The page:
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3 things to watch for: Cleveland Browns vs. Buffalo Bills

The Cleveland Browns look to get back in the win column this afternoon when they face the upstart Buffalo Bills at FirstEnergy Stadium in Cleveland.

CLEVELAND — The Cleveland Browns return to FirstEnergy Stadium in almost a month after a pair of road games and the annual bye-week break when they host the Buffalo Bills this afternoon, and the two teams are headed in opposite directions.

Currently, the Browns are 2-6 overall and four games in back of the Baltimore Ravens for first place in the AFC North Division after going on a four-game losing streak, with three of those losses coming on the road. The Browns are looking to start strong in the second half of the season, and they have three straight home games to make up some ground in the chase for a spot in the AFC Playoffs.

The Bills enter the game with a 6-2 record and find themselves in second place in the AFC East Division.

“We’ve got to win games, brother,” safety Damarious Randall said after Wednesday’s practice, his first on-field work since suffering a hamstring injury two weeks ago. “I don’t care where the game’s at. The game could be on the moon. It was unacceptable and we’ve got to start winning games.

“We’ve been overcoming adversity the whole, entire year. Guys have been banged up, beat up, so next man up and we’re just going to keep pushing.”

Credit: Matt Florjancic
Running back Kareem Hunt hustles down the field during a drill on the final day of Cleveland Browns training camp on August 21, 2019.

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Here are three things to watch for in today’s game against the Bills.

Kareem Hunt’s debut

Hunt is set to make his regular-season debut with the Browns after serving an eight-game suspension for off-the-field incidents, namely assaulting a woman at a Cleveland hotel/apartment complex in February of 2018.

After having football taken away from him for nearly a year, Hunt is “no doubt” ready to make an immediate impact on the field and help the Browns get back into the win column on the heels of a four-game losing streak that dropped the team to third place in the AFC North Division.

“Very eager, excited, can’t wait to get back out there on the field and help this team,” Hunt said following Thursday’s practice.

“Three-hundred forty-two days, 342 days and I’ve been counting down. I’m just excited. A lot of mixed emotions, high and low. It’s going to be a fun and emotional game, and I’m definitely excited to get back out there and do whatever I can, play a role and help this team win.”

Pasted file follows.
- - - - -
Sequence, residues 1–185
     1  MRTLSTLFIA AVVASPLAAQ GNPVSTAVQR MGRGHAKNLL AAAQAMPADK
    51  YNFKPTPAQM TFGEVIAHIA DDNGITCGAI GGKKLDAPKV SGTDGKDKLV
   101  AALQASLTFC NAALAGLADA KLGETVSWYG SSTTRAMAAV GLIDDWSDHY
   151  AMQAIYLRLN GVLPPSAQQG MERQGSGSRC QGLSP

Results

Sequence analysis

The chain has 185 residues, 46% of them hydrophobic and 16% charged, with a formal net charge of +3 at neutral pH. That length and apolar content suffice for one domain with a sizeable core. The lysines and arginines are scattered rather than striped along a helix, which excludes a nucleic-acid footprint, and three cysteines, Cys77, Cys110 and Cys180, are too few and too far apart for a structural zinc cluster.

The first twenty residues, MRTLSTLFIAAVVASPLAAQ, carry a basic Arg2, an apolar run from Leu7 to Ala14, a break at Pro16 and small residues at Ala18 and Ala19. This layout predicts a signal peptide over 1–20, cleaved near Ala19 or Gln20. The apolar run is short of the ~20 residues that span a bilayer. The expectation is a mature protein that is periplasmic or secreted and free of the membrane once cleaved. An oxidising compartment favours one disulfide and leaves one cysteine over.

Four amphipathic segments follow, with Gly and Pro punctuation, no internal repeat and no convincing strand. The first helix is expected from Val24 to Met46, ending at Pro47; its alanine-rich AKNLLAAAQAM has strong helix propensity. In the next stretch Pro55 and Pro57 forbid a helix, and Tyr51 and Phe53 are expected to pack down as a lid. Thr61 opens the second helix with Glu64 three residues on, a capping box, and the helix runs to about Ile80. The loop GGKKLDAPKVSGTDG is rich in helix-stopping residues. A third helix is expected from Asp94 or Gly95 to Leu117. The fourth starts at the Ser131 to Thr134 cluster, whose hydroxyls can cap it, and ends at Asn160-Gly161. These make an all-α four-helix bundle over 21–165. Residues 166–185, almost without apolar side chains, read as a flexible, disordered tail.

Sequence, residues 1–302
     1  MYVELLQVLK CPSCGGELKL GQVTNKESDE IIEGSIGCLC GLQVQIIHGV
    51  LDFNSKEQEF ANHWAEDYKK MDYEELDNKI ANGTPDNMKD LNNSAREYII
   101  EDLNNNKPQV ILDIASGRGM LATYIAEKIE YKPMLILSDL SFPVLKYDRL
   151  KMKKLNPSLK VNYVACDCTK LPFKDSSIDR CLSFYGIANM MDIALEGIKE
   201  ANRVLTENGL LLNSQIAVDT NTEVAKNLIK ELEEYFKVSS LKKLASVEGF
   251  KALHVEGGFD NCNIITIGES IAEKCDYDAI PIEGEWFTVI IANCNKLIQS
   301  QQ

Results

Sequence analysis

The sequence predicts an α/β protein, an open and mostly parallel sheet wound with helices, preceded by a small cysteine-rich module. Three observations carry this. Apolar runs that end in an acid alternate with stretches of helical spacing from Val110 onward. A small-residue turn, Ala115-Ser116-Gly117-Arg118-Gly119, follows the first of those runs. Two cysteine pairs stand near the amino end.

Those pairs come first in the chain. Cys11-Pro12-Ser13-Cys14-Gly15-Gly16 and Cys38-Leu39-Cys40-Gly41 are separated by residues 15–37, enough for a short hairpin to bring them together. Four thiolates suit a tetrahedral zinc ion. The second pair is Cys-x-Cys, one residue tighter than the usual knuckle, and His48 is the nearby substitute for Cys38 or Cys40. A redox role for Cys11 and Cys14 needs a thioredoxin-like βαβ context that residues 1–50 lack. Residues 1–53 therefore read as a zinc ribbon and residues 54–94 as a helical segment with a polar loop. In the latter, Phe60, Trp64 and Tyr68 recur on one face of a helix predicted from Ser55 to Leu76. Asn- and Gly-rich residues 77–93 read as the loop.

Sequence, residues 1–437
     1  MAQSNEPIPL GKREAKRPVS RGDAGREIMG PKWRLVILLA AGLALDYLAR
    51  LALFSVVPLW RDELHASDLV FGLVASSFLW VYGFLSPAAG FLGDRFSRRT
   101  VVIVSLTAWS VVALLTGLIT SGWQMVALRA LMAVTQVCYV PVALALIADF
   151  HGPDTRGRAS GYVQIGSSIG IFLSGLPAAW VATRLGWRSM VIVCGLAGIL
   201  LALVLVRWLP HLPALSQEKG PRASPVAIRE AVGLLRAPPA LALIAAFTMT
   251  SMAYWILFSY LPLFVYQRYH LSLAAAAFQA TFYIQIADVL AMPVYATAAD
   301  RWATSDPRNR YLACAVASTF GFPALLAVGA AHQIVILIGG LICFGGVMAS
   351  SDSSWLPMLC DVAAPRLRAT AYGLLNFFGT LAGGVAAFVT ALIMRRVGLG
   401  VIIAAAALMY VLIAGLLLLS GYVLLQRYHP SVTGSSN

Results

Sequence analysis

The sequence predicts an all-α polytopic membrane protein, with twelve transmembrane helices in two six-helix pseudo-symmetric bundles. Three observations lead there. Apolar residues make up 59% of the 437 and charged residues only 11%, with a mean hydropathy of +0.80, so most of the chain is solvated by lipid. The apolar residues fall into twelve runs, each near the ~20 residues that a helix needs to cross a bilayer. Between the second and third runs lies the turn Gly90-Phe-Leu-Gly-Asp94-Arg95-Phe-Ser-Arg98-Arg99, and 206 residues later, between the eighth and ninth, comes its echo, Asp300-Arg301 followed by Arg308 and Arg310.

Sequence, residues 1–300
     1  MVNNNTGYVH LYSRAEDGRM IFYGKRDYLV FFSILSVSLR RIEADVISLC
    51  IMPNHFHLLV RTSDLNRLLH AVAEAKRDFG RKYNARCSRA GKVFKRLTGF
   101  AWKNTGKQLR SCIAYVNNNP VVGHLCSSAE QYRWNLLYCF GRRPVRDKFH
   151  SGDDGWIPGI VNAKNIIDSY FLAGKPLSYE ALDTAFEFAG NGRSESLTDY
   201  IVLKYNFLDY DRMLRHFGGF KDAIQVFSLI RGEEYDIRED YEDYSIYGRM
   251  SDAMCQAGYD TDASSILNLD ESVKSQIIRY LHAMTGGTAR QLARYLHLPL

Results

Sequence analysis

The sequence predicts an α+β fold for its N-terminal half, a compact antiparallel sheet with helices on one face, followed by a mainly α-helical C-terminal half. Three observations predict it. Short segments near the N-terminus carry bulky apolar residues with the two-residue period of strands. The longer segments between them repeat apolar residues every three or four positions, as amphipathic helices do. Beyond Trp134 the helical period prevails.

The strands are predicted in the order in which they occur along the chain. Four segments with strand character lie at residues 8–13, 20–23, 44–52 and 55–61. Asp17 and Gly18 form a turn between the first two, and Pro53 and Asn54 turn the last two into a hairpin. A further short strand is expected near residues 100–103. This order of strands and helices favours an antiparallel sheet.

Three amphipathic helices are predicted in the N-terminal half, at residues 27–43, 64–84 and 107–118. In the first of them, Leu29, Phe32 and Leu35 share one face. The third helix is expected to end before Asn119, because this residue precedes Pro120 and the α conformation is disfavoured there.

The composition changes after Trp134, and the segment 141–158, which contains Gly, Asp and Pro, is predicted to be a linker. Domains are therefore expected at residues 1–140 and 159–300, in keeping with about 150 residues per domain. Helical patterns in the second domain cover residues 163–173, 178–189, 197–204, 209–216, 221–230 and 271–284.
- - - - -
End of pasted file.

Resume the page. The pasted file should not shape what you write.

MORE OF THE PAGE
Credit: Ron Schwane
Cleveland Browns running backs Kareem Hunt (27) and Nick Chubb (24) talk during an OTA practice at the team's training facility in Berea, Ohio on Wednesday, May 15, 2019.

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Division of carries

With two Pro Bowl caliber running backs, it has yet to be seen how the workload will be split between Hunt and Nick Chubb.

In two years with the Kansas City Chiefs, Hunt rushed for 2,151 yards and 15 touchdowns with 106 first downs, 19 plays going for at least 20 yards and four 40-yard gains. Additionally, Hunt caught 79 passes out of the backfield for 833 yards and 10 touchdowns, including a single-season career high of seven in 2018.

Now in his second NFL season, Chubb has rushed for 803 yards and six touchdowns on 154 carries this season. Currently, Chubb is fourth in the NFL in rushing yards, seventh in attempts, eighth in yards-per-carry average, fourth in overall scrimmage yards and tied for fifth in touchdowns.

“I definitely think that both of their skill sets offer you plenty of opportunities to do a lot with those guys,” Browns coach Freddie Kitchens said. “They are both excellent runners, and they both catch the ball very well out of the backfield. They are good protectors. That makes them good all-around running backs.”

Credit: Matt Florjancic
Cleveland Browns QB Baker Mayfield and WR Odell Beckham Jr. go over a route concept during the final minicamp practice of the offseason program.

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Baker-to-Beckham connection

The offseason trade with the New York Giants that netted the Browns Pro Bowl wide receiver Odell Beckham Jr. was supposed to make the offense unstoppable and help break the NFL’s longest active playoff drought, which stands at 16 years and counting.

However, the Browns have had their struggles getting the ball to Beckham Jr., as he has averaged less than five catches per game over his first eight outings in a Cleveland uniform, and has had just five throws come his way in the red zone, which ranks him 105th in the NFL.

“When you have a great player like him, and we have a number of those guys skill-wise, we are always looking for ways to involve him in the offense,” Browns offensive coordinator Todd Monken said. “Sometimes, it presents itself, and sometimes, it does not.

“Obviously, we go through this every week -- there is only one ball. That is the way it is. When you give it to Nick, it is not going to one of those guys, and Kareem adds to that. The bottom line is that frustration comes from losing and not scoring points in the red zone.”

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